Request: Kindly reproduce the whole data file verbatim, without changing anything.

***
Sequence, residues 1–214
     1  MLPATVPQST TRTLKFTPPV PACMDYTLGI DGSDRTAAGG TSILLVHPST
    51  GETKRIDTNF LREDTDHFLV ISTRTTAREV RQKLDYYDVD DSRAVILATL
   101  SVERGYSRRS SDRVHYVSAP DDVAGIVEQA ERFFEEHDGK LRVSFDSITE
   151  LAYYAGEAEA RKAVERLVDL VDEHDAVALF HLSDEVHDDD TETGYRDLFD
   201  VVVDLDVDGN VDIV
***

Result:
Sequence, residues 1–214
     1  MLPATVPQST TRTLKFTPPV PACMDYTLGI DGSDRTAAGG TSILLVHPST
    51  GETKRIDTNF LREDTDHFLV ISTRTTAREV RQKLDYYDVD DSRAVILATL
   101  SVERGYSRRS SDRVHYVSAP DDVAGIVEQA ERFFEEHDGK LRVSFDSITE
   151  LAYYAGEAEA RKAVERLVDL VDEHDAVALF HLSDEVHDDD TETGYRDLFD
   201  VVVDLDVDGN VDIV